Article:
KNOXVILLE, Tenn. — Peyton Manning was a star both on and off the field at the University of Tennessee, and now he’s returning to his alma mater as a professor.
The university announced Monday that the College of Communication and Information has appointed Manning as a professor of practice in the Fall 2023 term. The Pro Football Hall of Fame quarterback will join select classes during the academic year as a featured expert and work alongside the college’s faculty to provide learning experiences for CCI students at Tennessee.
“There is no other ambassador for our college and university like Peyton Manning, and we are proud to welcome him to the college’s faculty,” said Joseph Mazer, dean of the College of Communication and Information. “Peyton is a true Volunteer, and I look forward to our students gaining invaluable knowledge from him as we continue to prepare the next generation of communication and information leaders.”
Manning graduated Phi Beta Kappa from Tennessee with a degree in speech communications and led the Volunteers to an SEC championship in 1997. He has remained a staunch supporter of his alma mater while becoming a fixture in the media and entertainment world.
This football season will be his third on ESPN2’s popular “ManningCast,” as he and younger brother Eli combine to do an alternate broadcast during Monday Night Football games. Manning will co-host the Country Music Association Awards for the second straight year in November alongside Luke Bryan. Last year marked the first time the CMA tapped a professional athlete to host its annual ceremony. Manning has also hosted NBC’s “Saturday Night Live” in 2007 and the ESPY Awards in 2017. He launched his Omaha Productions entertainment company in 2020, guest voiced (with brothers Cooper and Eli) on an episode of “The Simpsons” and has appeared in numerous television commercials.
“My time as a student in the College of Communication and Information was a foundational experience during which I learned critical skills and messaging techniques that I continue to put to use almost daily,” Manning said. “I look forward to working with the college’s talented faculty, and directly with students in an effort to ensure they are well prepared for their future careers.”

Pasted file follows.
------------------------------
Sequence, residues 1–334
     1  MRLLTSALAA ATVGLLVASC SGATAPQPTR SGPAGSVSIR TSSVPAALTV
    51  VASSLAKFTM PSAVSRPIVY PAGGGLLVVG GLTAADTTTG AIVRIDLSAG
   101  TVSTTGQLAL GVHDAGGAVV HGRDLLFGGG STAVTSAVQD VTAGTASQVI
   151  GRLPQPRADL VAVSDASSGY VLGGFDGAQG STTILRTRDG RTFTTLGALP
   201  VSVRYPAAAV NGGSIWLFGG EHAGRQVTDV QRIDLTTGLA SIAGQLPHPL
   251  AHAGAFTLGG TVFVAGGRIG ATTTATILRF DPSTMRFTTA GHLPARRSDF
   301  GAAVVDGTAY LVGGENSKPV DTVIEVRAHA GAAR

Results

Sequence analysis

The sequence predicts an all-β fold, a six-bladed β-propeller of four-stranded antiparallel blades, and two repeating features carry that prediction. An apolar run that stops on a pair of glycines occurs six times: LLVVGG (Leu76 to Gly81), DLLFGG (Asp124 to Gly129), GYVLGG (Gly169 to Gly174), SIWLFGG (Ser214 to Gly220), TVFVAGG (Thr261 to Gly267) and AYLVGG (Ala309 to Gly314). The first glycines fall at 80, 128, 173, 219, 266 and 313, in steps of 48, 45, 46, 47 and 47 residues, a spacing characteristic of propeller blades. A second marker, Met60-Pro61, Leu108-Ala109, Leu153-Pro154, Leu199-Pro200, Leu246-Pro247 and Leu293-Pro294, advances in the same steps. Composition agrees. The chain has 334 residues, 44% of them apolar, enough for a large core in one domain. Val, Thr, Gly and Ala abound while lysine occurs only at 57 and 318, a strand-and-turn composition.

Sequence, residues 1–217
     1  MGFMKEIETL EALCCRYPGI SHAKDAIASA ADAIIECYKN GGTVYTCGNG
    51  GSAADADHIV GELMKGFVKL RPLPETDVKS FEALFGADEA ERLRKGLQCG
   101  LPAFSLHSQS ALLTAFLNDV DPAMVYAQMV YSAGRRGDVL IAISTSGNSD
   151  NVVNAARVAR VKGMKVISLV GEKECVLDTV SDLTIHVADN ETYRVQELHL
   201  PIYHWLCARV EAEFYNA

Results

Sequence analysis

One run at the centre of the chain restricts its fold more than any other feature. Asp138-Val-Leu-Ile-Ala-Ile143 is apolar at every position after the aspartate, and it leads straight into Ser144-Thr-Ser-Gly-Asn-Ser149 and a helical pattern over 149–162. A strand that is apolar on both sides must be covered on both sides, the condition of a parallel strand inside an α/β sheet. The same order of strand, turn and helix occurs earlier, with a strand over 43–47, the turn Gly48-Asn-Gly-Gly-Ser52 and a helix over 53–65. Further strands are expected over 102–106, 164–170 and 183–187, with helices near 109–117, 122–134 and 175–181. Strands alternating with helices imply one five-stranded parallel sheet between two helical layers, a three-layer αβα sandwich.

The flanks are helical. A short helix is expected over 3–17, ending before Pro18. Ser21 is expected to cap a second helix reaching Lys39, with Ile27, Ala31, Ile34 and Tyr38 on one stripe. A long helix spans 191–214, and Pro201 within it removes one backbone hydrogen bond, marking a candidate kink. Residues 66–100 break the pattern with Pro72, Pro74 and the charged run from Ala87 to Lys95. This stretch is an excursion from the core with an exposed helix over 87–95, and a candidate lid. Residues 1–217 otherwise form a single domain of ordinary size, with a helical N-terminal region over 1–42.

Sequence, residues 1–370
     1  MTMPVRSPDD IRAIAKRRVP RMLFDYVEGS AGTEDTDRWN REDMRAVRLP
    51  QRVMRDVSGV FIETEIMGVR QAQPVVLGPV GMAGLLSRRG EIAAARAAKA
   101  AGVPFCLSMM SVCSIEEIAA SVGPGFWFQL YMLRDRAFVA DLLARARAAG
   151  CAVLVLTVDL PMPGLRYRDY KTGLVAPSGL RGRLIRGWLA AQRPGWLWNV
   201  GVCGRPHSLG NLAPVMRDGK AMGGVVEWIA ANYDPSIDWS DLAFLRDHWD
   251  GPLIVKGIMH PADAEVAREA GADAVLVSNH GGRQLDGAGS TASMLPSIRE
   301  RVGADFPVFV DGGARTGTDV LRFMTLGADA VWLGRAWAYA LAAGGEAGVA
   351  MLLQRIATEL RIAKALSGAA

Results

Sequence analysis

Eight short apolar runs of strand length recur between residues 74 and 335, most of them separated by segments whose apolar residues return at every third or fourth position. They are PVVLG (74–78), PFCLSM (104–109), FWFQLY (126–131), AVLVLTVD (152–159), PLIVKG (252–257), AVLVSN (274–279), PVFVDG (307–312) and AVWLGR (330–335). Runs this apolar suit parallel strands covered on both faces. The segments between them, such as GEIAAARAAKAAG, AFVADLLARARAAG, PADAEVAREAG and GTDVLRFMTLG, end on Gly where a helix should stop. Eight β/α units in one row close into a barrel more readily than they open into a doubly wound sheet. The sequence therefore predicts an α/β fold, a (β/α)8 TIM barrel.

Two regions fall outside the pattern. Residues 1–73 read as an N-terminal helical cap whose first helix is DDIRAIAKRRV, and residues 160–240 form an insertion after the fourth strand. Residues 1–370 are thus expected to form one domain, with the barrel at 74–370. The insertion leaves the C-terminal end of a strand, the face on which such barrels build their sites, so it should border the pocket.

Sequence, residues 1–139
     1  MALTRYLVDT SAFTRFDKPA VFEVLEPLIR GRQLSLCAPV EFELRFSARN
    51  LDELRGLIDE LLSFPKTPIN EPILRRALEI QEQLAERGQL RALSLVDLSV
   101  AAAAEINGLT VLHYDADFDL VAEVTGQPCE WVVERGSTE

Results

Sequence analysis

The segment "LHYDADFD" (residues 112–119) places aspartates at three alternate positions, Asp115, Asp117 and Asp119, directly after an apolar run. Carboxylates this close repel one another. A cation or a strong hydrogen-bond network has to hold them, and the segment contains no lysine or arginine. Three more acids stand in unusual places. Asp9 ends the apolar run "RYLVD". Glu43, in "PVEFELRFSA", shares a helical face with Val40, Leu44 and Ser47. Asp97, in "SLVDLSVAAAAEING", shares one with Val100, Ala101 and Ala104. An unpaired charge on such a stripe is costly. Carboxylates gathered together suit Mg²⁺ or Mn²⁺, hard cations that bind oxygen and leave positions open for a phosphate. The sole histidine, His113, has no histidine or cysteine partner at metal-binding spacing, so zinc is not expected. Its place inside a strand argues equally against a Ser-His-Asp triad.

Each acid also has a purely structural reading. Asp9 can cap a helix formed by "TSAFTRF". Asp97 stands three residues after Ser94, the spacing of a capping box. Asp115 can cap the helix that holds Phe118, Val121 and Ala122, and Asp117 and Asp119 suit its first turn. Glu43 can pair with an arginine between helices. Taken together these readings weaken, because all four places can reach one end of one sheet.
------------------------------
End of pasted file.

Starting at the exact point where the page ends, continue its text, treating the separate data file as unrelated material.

Manning, 47, will partner with the CCI faculty and teach a variety of topics that align with the college’s curriculum, including sports reporting, video production and performance, leadership and communication and public speaking. Manning plans to teach his fall classes in person, which means he will be back on campus often during this football season.
Manning is well-versed in the sports media industry. His “Peyton’s Places” documentary debuted on ESPN+ in 2020, featuring episodes in which he revisits seminal moments in NFL history through conversations with former players, coaches and other key figures about football and its cultural impact.
One of the most beloved figures in Tennessee sports history, Manning played all four years for the Vols and turned down a chance to be the No. 1 overall pick in the NFL draft to return for his senior season. He was the No. 1 pick that next year in 1998 and won Super Bowl championships with both the Indianapolis Colts and Denver Broncos during a record-setting NFL career.
Manning lives in Denver, but frequently attends Tennessee sporting events and is closely intertwined with the university and its community. He spoke at Pat Summitt’s memorial service in 2016 and delivered a moving tribute to the Hall of Fame Lady Vols’ basketball coach. In 2018, he donated $1 million to establish the John Haas Student Experiential Learning endowment to honor the former director of the School of Communication Studies. Haas served as one of Manning’s professors and his academic advisor at Tennessee.
The year after leaving Tennessee for the NFL, Manning endowed the Peyton Manning Scholarship, a competitive four-year opportunity for some of the brightest first-year UT students. The scholarship has benefited more than 50 recipients since its inception, and he returns to campus each year to recognize the newest scholars. Manning also provides internships through Omaha Productions to UT journalism and electronic media students, giving them hands-on experience.
Manning was 39-6 as a starting quarterback at Tennessee and holds the school record for career passing yards (11,201) and touchdown passes (89). As a pro, Manning was named the NFL’s Most Valuable Player five times. He owns the NFL single-season record for touchdown passes (55 in 2013) and passed for 4,000 yards or more 14 times in his 18-year career, which is tied with Tom Brady for the most 4,000-yard passing seasons.